View Full Version : learning to phrase with your hands!

10-20-2010, 07:21 AM
My endeveur into matched grip has been forcing me to re-evaluate everything I once held on to. I've been working on rudiments for rudiments sake for a long time now, with my philosophy being to "train my hands for any musical possibility". Where I have been hitting some road blocks is in the "phrasing" strictly speaking on the snare drum. It seems to me the greats like Chapin and Buddy could litterally say anything they wanted on the snare drum cleanly and perfectly the first time through. They could play complex patterns or sensible phrases with ease, and fluidity.

For me it seems I've got my stock "go to" riffs, and sequencing them together can sound choppy and aimless (and aimless seems to be the way I go about practicing them as well). My favorites also seem to have blazing single stroke rolls that transition into flams and diddles in so many cool ways.

I have worked out of a place of rudiments for so long now that I can blaze through any one rudiment at a pretty good pace, but it seems to me I'm only learning "words" here. I want to play "sentences"! Any recommendations to this problem?

I've seen video footage of guys like Dom "just playin' around" on a pad and it's so...perfectly musical and un-rudimentary (though they employ a ton of rudiments). I'd just appreciate any philisophical or practical light on the topic.

10-20-2010, 10:50 AM
Maybe Benny Greb's DVD? The concept isn't new, but it's nicely presented and he's got some great ideas. It's basically all about the 4 sixteenth notes in a quarter note, and all the accent variations in it. Then you can try things like double all the unaccented notes, which gives you sort of roll variations (7-stroke etc), but it makes you use them more freely.

What I'd also try is play with some rudiments, start at every place, change them around (eg the swiss army triplet), or try different accents (paradiddle) and note values.

Anyway there are some rudiments which suit rock/pop/fusion/jazz oriented drumset playing better, and others that won't really, IMO. Some rudiments like the triple ratamacue will always sound like marching drum to me.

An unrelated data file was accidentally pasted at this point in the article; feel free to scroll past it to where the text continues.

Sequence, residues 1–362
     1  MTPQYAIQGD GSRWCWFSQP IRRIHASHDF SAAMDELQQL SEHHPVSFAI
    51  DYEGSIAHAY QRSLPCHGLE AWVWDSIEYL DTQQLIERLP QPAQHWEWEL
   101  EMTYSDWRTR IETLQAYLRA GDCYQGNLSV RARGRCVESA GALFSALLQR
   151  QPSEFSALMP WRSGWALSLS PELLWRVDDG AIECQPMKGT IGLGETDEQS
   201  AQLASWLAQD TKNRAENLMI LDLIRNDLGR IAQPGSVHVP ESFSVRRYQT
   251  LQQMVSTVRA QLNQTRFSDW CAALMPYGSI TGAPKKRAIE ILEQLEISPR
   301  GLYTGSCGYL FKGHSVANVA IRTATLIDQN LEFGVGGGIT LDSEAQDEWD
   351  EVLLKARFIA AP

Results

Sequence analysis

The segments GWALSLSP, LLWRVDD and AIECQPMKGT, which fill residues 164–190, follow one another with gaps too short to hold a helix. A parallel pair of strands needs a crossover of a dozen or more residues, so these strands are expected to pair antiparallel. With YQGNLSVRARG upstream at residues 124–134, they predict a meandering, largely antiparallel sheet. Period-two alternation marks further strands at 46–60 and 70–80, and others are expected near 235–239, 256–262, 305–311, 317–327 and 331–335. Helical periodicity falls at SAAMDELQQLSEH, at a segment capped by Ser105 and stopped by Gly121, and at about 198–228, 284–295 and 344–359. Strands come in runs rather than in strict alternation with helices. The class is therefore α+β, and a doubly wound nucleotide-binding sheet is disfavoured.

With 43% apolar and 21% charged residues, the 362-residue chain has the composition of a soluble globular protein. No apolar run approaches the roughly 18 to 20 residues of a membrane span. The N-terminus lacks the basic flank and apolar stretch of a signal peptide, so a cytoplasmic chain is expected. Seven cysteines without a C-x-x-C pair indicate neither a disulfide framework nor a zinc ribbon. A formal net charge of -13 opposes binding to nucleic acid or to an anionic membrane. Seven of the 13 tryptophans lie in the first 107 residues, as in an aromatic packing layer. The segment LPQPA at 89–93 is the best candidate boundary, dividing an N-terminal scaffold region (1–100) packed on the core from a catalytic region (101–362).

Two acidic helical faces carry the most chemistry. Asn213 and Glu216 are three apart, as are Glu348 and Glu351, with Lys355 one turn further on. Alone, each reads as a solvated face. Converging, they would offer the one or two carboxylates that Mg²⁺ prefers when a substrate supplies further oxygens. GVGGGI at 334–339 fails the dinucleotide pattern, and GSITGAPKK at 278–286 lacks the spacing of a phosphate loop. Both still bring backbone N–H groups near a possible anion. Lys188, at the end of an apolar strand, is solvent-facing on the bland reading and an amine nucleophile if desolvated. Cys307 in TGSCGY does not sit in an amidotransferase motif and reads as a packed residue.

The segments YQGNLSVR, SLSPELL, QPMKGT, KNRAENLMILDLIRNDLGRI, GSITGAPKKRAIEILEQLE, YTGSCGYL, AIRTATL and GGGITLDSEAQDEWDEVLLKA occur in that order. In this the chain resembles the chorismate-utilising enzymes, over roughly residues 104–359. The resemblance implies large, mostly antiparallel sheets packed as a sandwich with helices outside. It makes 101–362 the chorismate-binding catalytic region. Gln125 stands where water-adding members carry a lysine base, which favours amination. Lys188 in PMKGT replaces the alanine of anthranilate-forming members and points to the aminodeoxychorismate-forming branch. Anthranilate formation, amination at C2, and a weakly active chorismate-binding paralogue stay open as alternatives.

By the way, some parts of your post already suggest new ways to your practicing: "My favorites also seem to have blazing single stroke rolls that transition into flams and diddles in so many cool ways": Well why don't you start with practicing transitions from singles to flams and diddles for example? :D

10-20-2010, 12:18 PM
Work on playing melodies, not flamadiddles. Play jazz melodies in triplets to start. Like from the book Syncopation.

10-21-2010, 09:55 AM
I believe that the Greb dvd is the right thing for you, without a doubt. His system learn us all the letters there is so that we can put our own musical sentences together.

10-21-2010, 10:31 AM
Yes, if we look at grooves, bars and pulse quite mathematically that is. Other ethnics may look at it a whole another way, but then I think Adam (and I too) doesn't primarily want to learn the language of another culture.

10-21-2010, 08:07 PM
One approach might be to play a 'song' on your drums e.g baa baa blacksheep.

10-22-2010, 02:05 AM
One approach might be to play a 'song' on your drums e.g baa baa blacksheep.
Yes. And Greb's DVD is another rehash of concepts with new names, not song oriented. Learn a song, transcribe a sax solo on your drums etc... Just do something that can keep someone's musical interest.

10-22-2010, 08:54 AM

I like to improvise with this theme everytime I play. Generally following my warm ups. It's really a nice-feeling melody and it has since inspired me to apply my playing (especially my solos) more in a musical context. Also, try some of these melodic ideas with different tools. Things like brushes and soft mallets.

10-23-2010, 04:43 AM
I agree re: the Benny Greb DVD, definitely check that out.

Also, check this out.


10-25-2010, 12:40 PM
Sticking Patterns, by Gary Chaffee. The whole thing top to bottom is a great approach to using continuous note groupings to place accents around the bar.
But stay away from some version that's on p2p networks. It's lacking section 1 of the book, which is essential to understand the whole concept.
Then you should try some rudimental solos to put them rudiments in context. Wilcoxon's book is great for that (I recall Virgil talking about studying it with Philly Joe). A bit dated and rather basic once you get into the whole rudimental thing, but it's very melodic and more than enough to get the basic rudiments going.

EDIT: As much as I love Benny and his playing, and having enjoyed his DVD a lot, I still see it as a rehash of the same concepts, only seen in a different, more entertaining way. You should give it a look but really, Chaffee's books are where the real stuff is.

10-25-2010, 08:22 PM
Jim Chapin's book?